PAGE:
top of page
  • Chris O'Rourke

Our Tethered Kin

Our Tethered Kin. Image Enrique Carnicero


Once upon a time there were two babes in the woods. Abandoned siblings swaddled like Jesus, they were taken in by an old farmer and his vainglorious wife. Living next to a magical tree, they grew up together as shadow creatures crept closer from the desolate dark. Soon, there would be a reckoning as the light and the dark battled for…you probably know the rest. Pretty sure you’ve heard this one already. Or some version of it. In Our Tethered Kin, Ronan Fitzgibbon draws on old tropes to tell an old fashioned fairytale done countless times before. The result a predictable adventure in an unpredictable production. One which strives to answer the eternal question; what is it about theatre that makes it so unique?

Our Tethered Kin. Image Enrique Carnicero

Narratively, it’s straightforward fare. Brother and sister, Abrafo and Aeni, are raised by the keepers of the sacred tree of light. That which separates the shadow creatures from the world of people. Twisted beings, invisible to the human eye, who compel human behaviour when the light fades. A metaphor for the subconscious, for societal pressures, for social media, or for the darker shadows of mental health, it's never quite specified. Yet these twisted shapes twist people out of shape till they end up like demented puppets. Until Aeni, the victim of endless abuse, finds that her crucifixion enables her to see and repel the shadows. But can she save all the blind souls, particularly her brother Abravo? Can she undertake the classic journey through the depths of the psyche so they can find their way home and live happily ever after?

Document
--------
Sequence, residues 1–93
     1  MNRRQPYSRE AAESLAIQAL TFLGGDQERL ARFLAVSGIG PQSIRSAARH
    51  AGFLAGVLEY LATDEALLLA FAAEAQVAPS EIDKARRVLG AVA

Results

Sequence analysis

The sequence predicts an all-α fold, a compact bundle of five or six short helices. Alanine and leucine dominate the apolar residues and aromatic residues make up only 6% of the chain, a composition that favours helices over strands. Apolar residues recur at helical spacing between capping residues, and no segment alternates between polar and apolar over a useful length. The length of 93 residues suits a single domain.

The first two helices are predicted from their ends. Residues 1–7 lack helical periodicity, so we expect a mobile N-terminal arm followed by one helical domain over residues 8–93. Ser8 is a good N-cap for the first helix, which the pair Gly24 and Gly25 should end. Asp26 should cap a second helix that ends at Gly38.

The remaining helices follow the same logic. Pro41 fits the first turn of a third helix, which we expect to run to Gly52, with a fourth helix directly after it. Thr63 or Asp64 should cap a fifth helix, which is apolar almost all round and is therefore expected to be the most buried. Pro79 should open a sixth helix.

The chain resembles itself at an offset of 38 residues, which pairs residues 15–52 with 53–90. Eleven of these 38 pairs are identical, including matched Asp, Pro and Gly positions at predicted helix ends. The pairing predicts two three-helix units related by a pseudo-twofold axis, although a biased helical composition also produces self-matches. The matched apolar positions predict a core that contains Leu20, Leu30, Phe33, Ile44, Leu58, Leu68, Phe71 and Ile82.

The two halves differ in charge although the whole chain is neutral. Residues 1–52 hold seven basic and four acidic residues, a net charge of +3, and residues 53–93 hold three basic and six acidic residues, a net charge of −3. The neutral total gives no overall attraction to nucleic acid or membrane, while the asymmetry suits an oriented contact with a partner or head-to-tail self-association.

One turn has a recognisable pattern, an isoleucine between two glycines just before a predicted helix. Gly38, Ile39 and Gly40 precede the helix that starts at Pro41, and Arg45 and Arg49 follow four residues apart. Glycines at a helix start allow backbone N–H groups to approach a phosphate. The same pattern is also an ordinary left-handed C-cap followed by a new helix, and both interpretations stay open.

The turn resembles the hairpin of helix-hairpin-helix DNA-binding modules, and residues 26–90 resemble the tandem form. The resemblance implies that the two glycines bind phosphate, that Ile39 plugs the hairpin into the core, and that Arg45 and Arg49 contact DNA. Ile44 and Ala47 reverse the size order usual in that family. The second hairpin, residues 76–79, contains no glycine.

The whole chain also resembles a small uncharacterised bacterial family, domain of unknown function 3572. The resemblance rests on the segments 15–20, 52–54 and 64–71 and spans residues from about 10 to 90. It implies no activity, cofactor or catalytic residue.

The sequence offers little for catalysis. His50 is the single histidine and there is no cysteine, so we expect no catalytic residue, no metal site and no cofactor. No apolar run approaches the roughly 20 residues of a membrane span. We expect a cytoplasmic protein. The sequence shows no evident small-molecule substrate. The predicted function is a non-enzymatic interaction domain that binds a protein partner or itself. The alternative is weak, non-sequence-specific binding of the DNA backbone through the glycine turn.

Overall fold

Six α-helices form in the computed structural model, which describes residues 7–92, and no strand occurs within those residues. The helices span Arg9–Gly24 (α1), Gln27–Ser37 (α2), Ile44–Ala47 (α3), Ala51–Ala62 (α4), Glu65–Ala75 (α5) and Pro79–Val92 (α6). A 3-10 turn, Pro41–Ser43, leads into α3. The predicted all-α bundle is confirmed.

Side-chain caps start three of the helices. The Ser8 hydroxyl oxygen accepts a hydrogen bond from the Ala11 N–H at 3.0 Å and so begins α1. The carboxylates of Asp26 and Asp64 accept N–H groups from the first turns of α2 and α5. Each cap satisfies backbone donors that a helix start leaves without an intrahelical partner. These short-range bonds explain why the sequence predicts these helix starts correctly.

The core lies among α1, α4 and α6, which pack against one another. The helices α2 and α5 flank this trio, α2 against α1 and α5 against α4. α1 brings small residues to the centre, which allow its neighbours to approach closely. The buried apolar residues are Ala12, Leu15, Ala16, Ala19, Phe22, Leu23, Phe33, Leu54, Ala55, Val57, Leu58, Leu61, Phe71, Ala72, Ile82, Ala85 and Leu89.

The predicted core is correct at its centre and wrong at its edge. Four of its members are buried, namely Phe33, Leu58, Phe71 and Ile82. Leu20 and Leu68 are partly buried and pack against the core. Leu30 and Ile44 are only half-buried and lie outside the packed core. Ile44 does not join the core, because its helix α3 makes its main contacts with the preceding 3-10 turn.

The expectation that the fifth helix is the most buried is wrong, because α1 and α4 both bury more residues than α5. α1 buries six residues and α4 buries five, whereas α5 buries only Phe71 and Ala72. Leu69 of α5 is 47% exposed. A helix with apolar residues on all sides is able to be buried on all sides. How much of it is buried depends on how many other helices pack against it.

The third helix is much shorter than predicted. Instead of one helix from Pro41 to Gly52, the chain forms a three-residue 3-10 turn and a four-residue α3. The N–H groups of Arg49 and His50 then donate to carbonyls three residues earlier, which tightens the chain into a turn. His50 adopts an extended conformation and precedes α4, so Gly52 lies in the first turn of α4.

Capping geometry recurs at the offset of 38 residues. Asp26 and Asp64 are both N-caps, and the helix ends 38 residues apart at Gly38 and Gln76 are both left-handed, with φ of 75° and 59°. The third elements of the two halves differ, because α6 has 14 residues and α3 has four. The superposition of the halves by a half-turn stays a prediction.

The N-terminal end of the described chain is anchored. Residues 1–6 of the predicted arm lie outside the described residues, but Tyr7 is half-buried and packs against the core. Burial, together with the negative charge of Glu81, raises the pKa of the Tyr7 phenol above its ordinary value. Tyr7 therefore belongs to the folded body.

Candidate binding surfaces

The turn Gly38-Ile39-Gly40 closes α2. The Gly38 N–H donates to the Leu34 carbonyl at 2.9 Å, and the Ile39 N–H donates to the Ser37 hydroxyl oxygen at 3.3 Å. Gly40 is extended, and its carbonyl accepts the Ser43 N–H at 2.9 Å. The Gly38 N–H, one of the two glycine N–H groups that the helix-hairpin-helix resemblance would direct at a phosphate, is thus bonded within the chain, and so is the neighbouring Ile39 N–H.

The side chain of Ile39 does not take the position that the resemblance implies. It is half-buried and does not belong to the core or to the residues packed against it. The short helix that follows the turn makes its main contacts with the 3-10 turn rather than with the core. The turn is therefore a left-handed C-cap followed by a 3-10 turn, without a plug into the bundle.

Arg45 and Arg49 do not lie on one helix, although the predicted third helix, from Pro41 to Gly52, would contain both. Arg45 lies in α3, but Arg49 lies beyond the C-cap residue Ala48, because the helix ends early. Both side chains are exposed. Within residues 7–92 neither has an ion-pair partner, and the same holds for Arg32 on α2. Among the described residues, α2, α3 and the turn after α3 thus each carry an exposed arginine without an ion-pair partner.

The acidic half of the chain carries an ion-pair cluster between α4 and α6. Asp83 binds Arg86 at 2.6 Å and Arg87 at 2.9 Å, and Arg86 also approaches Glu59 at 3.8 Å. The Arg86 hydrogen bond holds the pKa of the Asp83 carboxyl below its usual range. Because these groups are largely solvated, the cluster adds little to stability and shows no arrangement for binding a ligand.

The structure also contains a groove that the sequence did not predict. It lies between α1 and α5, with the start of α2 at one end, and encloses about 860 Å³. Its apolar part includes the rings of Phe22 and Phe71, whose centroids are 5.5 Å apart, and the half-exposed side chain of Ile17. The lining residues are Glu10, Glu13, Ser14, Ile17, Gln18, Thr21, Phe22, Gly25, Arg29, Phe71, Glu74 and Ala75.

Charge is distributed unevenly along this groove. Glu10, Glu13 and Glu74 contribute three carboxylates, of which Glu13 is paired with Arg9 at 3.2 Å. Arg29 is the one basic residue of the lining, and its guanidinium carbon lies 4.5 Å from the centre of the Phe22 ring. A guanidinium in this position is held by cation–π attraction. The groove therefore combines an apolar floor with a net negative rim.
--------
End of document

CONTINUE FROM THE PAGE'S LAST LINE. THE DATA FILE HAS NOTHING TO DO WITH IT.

Raymond Keane in Our Tethered Kin. Image Enrique Carnicero

While there’s magic in Fitzgibbon’s story, the real magic is on the stage. Employing props, puppets and rigorously worked tech, Our Tethered Kin is remarkable not so much for its story but for the manner in which it tells that story. As with Fitzgibbon’s economical script, directors Gavin McEntee and Evan Jordan work from the principle of show rather than tell, creating visceral immediacy from efficient physicality. Lighting designer, Sarah Jane Sheils, surpassing her own excellent standards to shift and marry moods, be they internal or external. Costume designer, Deirdre Dwyer, capturing the charm of the fairytale while excelling at its shadowed creatures; grey, bulbous Quasimodos from a Hellraiser reboot who prove wonderfully unsettling. Assisted in no small measure by movement director, Charles Sandford, whose strict economy marries the physical to the psychological (and mythic) so one word sentences can boom like thunder. Composer, Emily Donoghue, and sound designer, Fiona Sheil, creating a soundscape that’s more than just an accompanying soundtrack, laced as it is with the thick texture of the dark and the shining of slivers of light.

Our Tethered Kin. Image Enrique Carnicero

From Into The Woods to Wicked, the fairytale has proven remarkably amenable to theatrical re-imaginings. If narratively conventional, theatrically Our Tethered Kin shines by virute of its imagination, ingenuity, immediacy and execution. It's not the greatest story ever told, though it does reference it, yet comparative mythologists are sure to have a blast. As are those who appreciate visceral theatre; the use of body as voice, through gesture, tone, comportment and expression, being simply remarkable. Focused around a stunning ensemble who each claim first prize: Claire Keating, Dylan Kennedy, Emily Kilkenny Roddy, George Hanover, Graham Butler Breen, Raymond Keane, Rosie O’Regan and Katie Honan defying superlatives. With Keane’s subtle simplicity, Hanover’s wild raging and Honan’s palpable passion a masterclass to delight in.

Our Tethered Kin by Ronan Fitzgibbon, a Brokencrow production presented by The Abbey Theatre in association with The Everyman, Cork, runs at The Peacock Stage of The Abbey Theatre until Feb 11.

For more information visit The Abbey Theatre


Featured Posts
Recent Posts
Follow Us
  • Facebook Basic Square
  • Twitter Basic Square
bottom of page